I have never been one to make annual resolutions. I have always known that if I set one, I would decide a couple of days later that I did not want to do that anyway. I’m not much of a diet guy. Some days I feel like reading a lot, other days I don’t. I already bike because I enjoy it, not because I told myself to do it. I like sugar too much.
It isn’t that I lack discipline or initiative. I know New Year resolutions are not how I give shape to my days and, thus my life. Over my years of pastoring, there are a few things I do every day, to be sure, but I find that if we are not careful, resolutions can come from a place of pressure and expectation instead of being a matter of good habits and divine calling. When we take stock of our lives and ministry and then read the advice of others, we can feel the pressure to mimic and copy instead of drilling down on our faithfulness and seeking wisdom.
A phrase I have taken as my own is “faithful endurance.” It gives me broad but useful direction to my regular patterns in ministry life. This concept of faithful endurance is one of the tenets at the root of the pastoral calling. It describes what God wants from his under-shepherds when culture walks away from God or when the sheep go astray. It explains what we need in our marriages and families when every wave of opposition and conflict hits. It gives me a first principle by which to renew my own life with God.
By God’s grace, this pastor wants to endure faithfully as a shepherd, a husband, and child of God.
An Enduring Pastor
If you start a research project on what it means to endure, the first context you will likely find is marathon running. It takes a great deal of endurance to run over 26 miles, but that kind of accomplishment doesn’t happen in one day. To prepare for that distance, a runner needs to build endurance over shorter distances, over and over. Additionally, athletes prepare their diets, tailor their daily schedules, and eventually set out to complete the marathon. When the day arrives, the athlete has habituated endurance.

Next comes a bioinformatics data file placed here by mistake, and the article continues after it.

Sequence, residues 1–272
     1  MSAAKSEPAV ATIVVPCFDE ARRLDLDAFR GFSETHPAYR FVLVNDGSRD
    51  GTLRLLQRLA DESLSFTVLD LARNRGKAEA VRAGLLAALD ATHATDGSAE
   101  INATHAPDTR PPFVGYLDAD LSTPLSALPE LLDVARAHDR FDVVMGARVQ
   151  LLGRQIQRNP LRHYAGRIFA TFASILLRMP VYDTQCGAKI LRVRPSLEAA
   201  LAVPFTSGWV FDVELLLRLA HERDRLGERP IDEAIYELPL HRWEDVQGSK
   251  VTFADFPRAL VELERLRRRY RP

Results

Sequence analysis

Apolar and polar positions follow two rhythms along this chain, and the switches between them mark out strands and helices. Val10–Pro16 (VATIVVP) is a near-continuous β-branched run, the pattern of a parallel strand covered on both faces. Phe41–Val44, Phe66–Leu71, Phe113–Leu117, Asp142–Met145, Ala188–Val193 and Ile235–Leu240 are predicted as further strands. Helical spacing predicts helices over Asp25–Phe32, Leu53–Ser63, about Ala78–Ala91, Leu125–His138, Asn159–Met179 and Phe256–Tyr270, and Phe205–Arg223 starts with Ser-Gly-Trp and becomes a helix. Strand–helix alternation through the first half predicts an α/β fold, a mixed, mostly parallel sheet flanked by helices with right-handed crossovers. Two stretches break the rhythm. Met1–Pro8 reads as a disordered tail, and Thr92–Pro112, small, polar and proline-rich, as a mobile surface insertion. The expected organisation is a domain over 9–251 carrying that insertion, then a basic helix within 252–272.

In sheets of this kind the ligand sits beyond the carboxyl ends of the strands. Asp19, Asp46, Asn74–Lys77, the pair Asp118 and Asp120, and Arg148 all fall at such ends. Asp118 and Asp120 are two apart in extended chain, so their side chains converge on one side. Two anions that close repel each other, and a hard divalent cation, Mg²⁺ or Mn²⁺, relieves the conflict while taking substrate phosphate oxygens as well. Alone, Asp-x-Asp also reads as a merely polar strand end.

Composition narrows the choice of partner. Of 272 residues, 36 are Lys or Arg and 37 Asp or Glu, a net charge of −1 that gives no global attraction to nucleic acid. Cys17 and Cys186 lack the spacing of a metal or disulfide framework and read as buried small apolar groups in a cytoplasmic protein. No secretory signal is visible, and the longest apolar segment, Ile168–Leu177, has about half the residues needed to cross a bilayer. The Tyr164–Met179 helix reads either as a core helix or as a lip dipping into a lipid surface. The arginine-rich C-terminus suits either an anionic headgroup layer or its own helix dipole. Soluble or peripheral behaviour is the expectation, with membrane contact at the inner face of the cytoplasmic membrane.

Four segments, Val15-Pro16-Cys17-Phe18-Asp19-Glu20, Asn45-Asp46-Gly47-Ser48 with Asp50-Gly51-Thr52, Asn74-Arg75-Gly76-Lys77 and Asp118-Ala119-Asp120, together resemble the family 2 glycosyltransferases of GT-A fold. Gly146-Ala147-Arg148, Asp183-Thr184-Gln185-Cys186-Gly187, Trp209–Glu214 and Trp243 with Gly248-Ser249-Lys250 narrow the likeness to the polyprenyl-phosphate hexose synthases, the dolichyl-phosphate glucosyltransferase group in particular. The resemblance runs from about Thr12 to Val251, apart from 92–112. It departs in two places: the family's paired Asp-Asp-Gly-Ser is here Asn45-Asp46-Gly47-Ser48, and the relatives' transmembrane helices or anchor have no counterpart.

I have started seeing my weekly schedule a bit like that kind of work. At least one sermon must be prepped each week, and all my other duties must be taken care of regularly. Persevering in the small, regular things will help provide the strength I need for the long haul or the day when I am openly put to the test. Will I grow faint, or will I stand? This is the warning of the Proverb, “If you faint in the day of adversity, your strength is small” (24:10). And this is the promise of Isaiah 40:31, “but they who wait for the Lord shall renew their strength; they shall mount up with wings like eagles; they shall run and not be weary; they shall walk and not faint.”
An Enduring Family
When it comes to my role in my home, I must live with the conviction that failure is not an option. Endurance needs to be the norm. Putting it in these terms might make it sound like marriage and family are jobs to be accomplished, but that is not the sense of the Christian’s endurance. We endure to reflect the love and grace of our Savior. God’s love is the paradigm for our endurance with each other. His steadfast love never ceases, and his mercies are new every morning (Lamentations 4:22-23). How often must our love for each other be renewed every morning? Regarding our salvation, Jesus “endured the cross, despising its shame” (Hebrews 12:2) so that we can be in relationship with him.
The promise of Christian endurance in the home is the beauty and power of relationship. God’s love for us never ceases, and when we learn how to do the same with those closest to us, we reflect the kind of love that endurance makes possible.
An Enduring Faith
I write these words near the end of another Advent season. This season is an important annual reminder of Immanuel and everything it means for God to be with us. But, as the seasoned pastor knows, it can be an overwhelming time. Our days and nights are full of preparation and work, and our services often take more time than usual.
I have needed to stop myself from time to time, break away from the cycle of work, and renew my relationship with God. If we are not careful, we are like lakes with rivers that run out of them but with no streams feeding us. We give out, but we do not receive.
Even while we are working to introduce more people to the glories of Christ, Christ desires our hearts and minds above all else. What value is it to us if we gain everything we desire during a season like Advent, yet our souls have been lost in the shuffle? (Matthew 16:26) Coming up on a new year is as good a time as any to pay more attention to the activities that feed my relationship with Christ. This, after all, is what Christ ultimately wants from me.
May we all, by the grace of God, endure in our faithfulness as we lead the people of God.